Nancy wrote about a TV advertisement for State Bank of India’s (SBI) Debit Card, which we found in extreme bad taste. Several others who read her post shared that view and joined us in condemnation. As an exercise I wondered, if I was given the same script and had to use the same story, what would I have done. The theme being that pickpockets and petty thieves are out of business, as people do not have to carry cash around, thanks to the availability of Debit Cards (in this case SBI), and are also rightly condemned to suffer the rigours for their ill-gotten gains.
Already offended by what is bandied, in the first place I would not like to do the story. If forced, however, my story would tell about rehabilitation, restitution and honour in work, however lowly, like shining shoes, selling paan, magazines, being a porter, being in plain labour, whatever.
I started with the basic assumption that all government advertising – and SBI is largely government-owned – must contain a social message; hence the idea in the original ad that the pickpocket must be punished. I imagine that the ad agency’s defence of their product would be that it was necessary to show the ex-pickpocket as suffering.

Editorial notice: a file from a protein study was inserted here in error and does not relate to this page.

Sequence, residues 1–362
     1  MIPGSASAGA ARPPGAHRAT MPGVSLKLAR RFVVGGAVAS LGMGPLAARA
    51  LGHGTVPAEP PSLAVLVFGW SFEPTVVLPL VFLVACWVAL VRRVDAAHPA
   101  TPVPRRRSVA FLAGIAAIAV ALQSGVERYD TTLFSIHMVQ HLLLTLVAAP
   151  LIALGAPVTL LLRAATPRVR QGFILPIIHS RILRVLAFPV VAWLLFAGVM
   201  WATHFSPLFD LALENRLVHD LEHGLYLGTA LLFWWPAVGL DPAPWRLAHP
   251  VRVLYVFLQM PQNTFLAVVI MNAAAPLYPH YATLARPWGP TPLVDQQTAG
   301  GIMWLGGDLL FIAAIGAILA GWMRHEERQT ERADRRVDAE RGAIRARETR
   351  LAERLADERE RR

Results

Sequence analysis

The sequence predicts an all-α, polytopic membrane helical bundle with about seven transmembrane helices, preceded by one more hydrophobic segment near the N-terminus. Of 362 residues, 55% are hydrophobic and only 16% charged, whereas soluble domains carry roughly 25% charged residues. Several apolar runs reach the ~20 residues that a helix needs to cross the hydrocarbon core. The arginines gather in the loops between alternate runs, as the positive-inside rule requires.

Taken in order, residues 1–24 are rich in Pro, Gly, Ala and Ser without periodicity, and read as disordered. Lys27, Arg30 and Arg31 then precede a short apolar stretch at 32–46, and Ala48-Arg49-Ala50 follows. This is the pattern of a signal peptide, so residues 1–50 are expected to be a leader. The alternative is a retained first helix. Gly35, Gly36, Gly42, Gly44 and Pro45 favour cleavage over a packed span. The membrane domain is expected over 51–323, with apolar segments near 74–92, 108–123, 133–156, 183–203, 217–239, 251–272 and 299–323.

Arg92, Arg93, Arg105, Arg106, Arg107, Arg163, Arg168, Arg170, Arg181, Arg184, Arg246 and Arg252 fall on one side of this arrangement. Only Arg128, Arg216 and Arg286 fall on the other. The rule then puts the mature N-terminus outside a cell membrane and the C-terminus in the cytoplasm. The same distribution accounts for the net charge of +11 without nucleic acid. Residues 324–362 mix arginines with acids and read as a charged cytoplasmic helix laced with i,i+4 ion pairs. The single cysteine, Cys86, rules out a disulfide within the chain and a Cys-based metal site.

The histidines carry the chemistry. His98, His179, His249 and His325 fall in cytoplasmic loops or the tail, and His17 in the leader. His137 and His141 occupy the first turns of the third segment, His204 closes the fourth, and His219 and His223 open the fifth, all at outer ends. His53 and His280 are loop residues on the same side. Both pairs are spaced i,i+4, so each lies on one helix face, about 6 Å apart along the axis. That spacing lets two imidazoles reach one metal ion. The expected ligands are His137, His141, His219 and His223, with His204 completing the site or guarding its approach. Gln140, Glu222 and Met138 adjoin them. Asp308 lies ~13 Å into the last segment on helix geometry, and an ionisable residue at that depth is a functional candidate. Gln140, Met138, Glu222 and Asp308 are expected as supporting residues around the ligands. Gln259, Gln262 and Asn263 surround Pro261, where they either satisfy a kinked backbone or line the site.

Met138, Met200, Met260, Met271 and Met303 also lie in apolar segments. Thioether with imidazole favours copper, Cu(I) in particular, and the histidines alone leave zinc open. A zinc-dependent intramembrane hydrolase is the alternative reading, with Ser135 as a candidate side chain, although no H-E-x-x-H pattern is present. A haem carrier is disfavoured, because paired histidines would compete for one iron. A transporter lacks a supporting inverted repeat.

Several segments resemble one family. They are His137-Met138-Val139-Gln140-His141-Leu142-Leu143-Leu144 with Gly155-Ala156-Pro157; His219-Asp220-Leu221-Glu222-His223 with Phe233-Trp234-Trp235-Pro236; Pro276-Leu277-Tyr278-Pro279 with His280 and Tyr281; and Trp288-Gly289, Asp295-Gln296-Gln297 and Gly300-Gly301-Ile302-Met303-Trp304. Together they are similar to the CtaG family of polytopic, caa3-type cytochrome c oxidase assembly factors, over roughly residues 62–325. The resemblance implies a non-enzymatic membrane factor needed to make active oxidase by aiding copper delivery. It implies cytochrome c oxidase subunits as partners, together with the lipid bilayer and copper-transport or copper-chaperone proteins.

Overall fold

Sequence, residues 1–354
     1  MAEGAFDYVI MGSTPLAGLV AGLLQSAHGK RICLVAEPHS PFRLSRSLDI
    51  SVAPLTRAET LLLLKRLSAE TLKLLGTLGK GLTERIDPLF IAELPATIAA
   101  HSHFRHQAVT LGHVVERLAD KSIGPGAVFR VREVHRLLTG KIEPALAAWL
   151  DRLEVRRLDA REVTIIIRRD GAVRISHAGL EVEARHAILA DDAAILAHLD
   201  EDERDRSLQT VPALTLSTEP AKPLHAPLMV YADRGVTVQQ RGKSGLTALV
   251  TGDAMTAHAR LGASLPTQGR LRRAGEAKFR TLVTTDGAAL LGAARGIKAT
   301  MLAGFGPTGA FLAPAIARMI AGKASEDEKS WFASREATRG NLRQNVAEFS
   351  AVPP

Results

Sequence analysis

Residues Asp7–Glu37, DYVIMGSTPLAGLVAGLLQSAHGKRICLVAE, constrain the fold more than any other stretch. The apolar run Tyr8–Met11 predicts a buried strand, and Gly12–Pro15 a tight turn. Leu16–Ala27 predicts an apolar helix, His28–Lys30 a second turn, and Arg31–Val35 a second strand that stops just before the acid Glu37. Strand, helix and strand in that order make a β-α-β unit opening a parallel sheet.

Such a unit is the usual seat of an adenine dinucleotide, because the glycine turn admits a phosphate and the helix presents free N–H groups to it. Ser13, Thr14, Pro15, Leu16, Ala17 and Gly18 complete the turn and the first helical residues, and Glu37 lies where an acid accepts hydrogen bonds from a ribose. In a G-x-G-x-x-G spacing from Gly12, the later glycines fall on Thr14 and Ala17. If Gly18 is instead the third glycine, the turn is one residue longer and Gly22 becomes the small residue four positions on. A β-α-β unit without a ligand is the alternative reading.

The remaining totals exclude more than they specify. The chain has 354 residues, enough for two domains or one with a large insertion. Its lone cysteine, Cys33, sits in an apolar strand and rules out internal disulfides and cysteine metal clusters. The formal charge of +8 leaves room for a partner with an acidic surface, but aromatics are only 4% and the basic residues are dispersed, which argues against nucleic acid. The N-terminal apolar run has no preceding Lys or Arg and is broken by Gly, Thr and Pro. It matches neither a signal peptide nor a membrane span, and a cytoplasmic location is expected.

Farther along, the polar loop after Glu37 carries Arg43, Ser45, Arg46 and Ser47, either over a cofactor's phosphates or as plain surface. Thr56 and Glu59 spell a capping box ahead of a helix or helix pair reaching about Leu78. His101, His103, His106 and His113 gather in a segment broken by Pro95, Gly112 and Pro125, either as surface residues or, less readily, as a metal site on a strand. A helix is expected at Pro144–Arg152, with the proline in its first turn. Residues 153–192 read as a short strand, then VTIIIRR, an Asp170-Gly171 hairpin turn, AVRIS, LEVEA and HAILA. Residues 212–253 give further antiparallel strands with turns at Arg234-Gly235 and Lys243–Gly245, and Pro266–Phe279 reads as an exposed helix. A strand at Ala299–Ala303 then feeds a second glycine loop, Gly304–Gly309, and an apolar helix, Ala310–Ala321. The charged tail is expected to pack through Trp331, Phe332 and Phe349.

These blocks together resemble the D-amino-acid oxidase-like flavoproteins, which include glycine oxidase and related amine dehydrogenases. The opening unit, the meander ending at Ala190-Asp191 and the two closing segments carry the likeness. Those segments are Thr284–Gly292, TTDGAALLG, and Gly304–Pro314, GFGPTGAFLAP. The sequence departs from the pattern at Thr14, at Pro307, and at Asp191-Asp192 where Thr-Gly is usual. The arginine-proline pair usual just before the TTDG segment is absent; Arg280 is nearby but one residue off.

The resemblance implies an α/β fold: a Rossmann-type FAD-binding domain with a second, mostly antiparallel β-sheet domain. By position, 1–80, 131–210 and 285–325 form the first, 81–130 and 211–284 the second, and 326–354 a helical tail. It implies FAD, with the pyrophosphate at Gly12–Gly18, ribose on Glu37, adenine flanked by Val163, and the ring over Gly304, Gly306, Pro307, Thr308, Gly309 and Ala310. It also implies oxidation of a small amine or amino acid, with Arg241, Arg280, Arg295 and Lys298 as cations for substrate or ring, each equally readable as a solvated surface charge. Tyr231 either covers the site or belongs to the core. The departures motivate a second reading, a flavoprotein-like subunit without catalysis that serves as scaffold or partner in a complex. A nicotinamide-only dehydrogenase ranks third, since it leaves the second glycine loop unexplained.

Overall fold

I would show the pickpocket as reformed, rather than punished. My version loses the so-called ‘humour’ of the original. The obsession for making every advertisement humorous which prevails now must inevitably drive people to make mistakes. The best ads of this humorous type are a pleasure to watch, but when they fail they fall, with a thud.
Here’s my version of the story:
A customer comes up to a paanwala, or a shoe shiner, and asks, “Have I not seen you somewhere before?” The paanwala says, “Yes sir, I was a pickpocket, but now nobody carries cash, so I had to turn to some honest, decent business. And hey, I actually like it. The family loves it.” There is a great glow on his face, and cut to the punchline reading something like this: “SBI cards protect you even as they reform.” Or whatever.